Population evolutionary ecologists are increasingly turning to integral projection models to understand how changes performance (e.g., growth) influence population dynamics, but this type of modeling is rarely applied to understand host-parasite feed-backs. After being introduced to this modeling approach by Tim Coulson and Shelly Lachish, I’ve been thinking about how they could be applied to disease ecology. I’m not the first one to do so and there is a great review by Metcalf et al (see link below) on the topic. The technique appeals to me it’s quantitative data-driven approach to understanding host-pathogen dynamics that can account for variation at a within-host, individual and population scale. Recently, Bayesian IPMs have been developed and these offer further advantages (see http://www.owlnet.rice.edu/~tm9/pdf/ElderdMiller2016.pdf), but maybe more time consuming to construct.
It’s not surprising however, that these models haven’t really taken off in the field yet. One obvious reason for this could be due to high number of parameters necessary to run the model – although you can use this IPMs in a theoretical context also. For most wildlife systems detailed individual longitudinal data on things such as parasite load over the term of infection is near impossible to get. I wonder if new molecular tools (e.g., measuring viral load using RT PCR from feces) may help fill this data gap? Currently, it looks like you need extensive lab experiments before you can really use this approach (see Wilber et al below). Anyway, I’m looking forward to learning more the next time we meet with Tim and Shelly.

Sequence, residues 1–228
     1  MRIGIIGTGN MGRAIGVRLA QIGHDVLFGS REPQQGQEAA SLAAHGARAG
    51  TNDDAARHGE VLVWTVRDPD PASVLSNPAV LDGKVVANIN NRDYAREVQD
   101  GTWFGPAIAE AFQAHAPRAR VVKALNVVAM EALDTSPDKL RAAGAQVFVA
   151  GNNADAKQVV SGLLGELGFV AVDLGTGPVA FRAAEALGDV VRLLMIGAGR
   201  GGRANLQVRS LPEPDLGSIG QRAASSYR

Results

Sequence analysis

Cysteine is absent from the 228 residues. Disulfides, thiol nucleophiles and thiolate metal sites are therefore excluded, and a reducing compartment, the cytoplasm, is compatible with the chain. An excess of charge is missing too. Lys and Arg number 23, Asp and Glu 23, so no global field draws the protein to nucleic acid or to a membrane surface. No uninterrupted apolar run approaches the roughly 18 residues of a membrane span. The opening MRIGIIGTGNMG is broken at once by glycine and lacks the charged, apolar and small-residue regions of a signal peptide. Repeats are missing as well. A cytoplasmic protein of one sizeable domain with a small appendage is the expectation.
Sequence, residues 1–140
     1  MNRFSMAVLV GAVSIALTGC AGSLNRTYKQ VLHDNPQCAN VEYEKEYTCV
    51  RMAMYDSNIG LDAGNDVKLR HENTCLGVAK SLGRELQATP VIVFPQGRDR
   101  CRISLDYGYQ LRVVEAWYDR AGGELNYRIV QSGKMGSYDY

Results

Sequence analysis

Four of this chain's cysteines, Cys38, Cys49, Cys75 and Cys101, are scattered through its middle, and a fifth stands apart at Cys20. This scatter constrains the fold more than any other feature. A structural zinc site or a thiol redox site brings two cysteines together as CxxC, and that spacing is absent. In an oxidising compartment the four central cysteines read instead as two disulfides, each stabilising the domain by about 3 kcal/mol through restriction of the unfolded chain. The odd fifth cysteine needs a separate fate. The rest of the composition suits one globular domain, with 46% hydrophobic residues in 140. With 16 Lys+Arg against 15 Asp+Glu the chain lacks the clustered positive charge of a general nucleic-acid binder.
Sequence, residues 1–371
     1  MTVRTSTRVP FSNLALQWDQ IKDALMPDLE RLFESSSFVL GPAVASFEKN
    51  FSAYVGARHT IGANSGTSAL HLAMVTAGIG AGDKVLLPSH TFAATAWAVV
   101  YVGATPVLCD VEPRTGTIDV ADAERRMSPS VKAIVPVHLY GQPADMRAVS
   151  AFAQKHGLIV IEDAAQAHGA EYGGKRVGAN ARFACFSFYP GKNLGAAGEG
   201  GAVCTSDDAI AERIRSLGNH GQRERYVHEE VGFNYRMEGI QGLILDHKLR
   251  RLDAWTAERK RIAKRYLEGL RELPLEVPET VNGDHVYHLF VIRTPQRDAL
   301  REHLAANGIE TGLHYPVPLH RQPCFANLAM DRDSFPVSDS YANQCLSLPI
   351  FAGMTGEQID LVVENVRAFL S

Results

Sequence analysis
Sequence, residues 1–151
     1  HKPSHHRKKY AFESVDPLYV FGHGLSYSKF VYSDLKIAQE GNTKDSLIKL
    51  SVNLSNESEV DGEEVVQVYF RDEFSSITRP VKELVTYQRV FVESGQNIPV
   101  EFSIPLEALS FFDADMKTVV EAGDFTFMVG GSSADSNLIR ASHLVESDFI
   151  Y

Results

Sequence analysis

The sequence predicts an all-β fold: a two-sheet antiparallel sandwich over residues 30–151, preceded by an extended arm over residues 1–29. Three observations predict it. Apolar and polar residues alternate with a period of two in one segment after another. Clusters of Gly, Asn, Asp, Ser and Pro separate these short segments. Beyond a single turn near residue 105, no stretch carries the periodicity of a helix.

Mecalf et al (2015): http://onlinelibrary.wiley.com/doi/10.1111/1365-2656.12456/full
Wilber et al: http://onlinelibrary.wiley.com/doi/10.1111/ele.12814/full
From Metcalf et al (2015).